My mole at the FCC tells me that the board has got themselves into a right buggers' muddle, having failed to notice the single most important reform of company law in living memory in Hong Kong. Perhaps they haven't been reading the papers for the last two years. Or perhaps they are all telejournalists.
Anyway, when sending out the notices for the AGM (and for an EGM for a motion to restrict the tenure of board members), they omitted to say that proxy votes could be cast. This is a requirement - one of the changes under the new Companies Ordinance, the single most important reform of company law in living memory in Hong Kong. (Did I mention that?)
Although this makes the notice non-compliant, apparently the AGM and EGM themselves would not be invalidated by the omission. Nevertheless, it appears that the board has panicked somewhat and deferred the AGM to a date outside the permitted date range (so still not compliant) and cancelled the EGM. No self-interest operating there, then.
As a result, a correspondence has built up amongst disgruntled members, most of whom, as people who merely read the papers, are barred from full board membership. There is talk of holding the board to account. Shock! Horror! My mole has been kind (or indiscrete) enough to forward the e-mail chain to me.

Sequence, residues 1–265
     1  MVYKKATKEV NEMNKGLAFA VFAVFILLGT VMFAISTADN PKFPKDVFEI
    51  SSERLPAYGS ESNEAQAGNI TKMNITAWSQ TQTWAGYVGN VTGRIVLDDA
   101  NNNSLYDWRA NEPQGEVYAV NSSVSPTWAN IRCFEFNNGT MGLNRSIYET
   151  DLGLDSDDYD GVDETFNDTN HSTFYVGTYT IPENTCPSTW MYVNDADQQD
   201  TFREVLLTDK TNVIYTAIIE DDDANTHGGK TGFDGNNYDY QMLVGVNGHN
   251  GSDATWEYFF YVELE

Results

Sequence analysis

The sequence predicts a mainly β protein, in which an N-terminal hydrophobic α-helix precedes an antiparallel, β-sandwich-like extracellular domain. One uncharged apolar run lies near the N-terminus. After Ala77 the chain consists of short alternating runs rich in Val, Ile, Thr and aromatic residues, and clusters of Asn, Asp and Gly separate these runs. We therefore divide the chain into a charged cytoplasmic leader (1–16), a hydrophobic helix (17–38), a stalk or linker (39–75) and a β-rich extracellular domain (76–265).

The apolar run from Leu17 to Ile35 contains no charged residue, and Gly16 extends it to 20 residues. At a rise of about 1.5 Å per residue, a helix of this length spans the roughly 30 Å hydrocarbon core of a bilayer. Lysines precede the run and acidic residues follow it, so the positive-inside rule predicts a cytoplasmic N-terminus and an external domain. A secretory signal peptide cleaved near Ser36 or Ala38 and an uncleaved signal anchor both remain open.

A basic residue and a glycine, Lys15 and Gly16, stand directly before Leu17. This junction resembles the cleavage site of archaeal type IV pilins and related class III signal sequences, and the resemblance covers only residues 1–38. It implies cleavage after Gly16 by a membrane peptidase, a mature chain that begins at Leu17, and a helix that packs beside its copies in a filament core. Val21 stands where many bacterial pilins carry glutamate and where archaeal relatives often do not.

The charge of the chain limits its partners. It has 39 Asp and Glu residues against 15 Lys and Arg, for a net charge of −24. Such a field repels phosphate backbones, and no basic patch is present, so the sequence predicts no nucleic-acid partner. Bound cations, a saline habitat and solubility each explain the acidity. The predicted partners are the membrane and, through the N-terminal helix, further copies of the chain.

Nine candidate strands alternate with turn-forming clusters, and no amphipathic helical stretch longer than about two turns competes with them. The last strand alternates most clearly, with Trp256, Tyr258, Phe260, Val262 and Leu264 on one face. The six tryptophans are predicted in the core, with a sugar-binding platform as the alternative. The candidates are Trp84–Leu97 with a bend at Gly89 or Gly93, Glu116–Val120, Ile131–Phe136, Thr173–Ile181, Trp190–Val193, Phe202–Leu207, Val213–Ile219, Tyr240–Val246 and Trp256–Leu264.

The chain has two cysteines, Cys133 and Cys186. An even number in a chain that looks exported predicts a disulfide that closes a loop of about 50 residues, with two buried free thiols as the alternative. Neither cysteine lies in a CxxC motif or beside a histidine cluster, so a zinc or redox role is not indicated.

Fortunately, cooler heads are starting to prevail. One David O'Lear, a former governor of the board and a current nominee for second vice president, says in the chain:
The new Companies Ordinance requires that we have proxy voting at AGMs and EGMs. We did not provide for that, partly because of change of secretaries but also because advice received did not identify proxies as an important issue.So Mr. O'Rear has pointed his finger, firstly, at two company secretaries without saying which one (outgoing or incoming) was to blame (or explaining how a mere change in secretary could cause a problem) and, secondly, at the FCC's advisors (omitting to state whether advice was sought on the specific issue, on the wider question of the application of the new Ordinance (the single most important reform of company law in living memory in Hong Kong - did I mention that?), or indeed whether any advice was sought at all on anything. His careful wording would be consistent with no advice having been either received or sought. Not exactly a straw man, but something like it.
But then he goes on to say:
I support X's attitude, .... don't point fingers and let the Board work it out.Yes, don't point fingers. That's the way to go, Mr. O' Rear.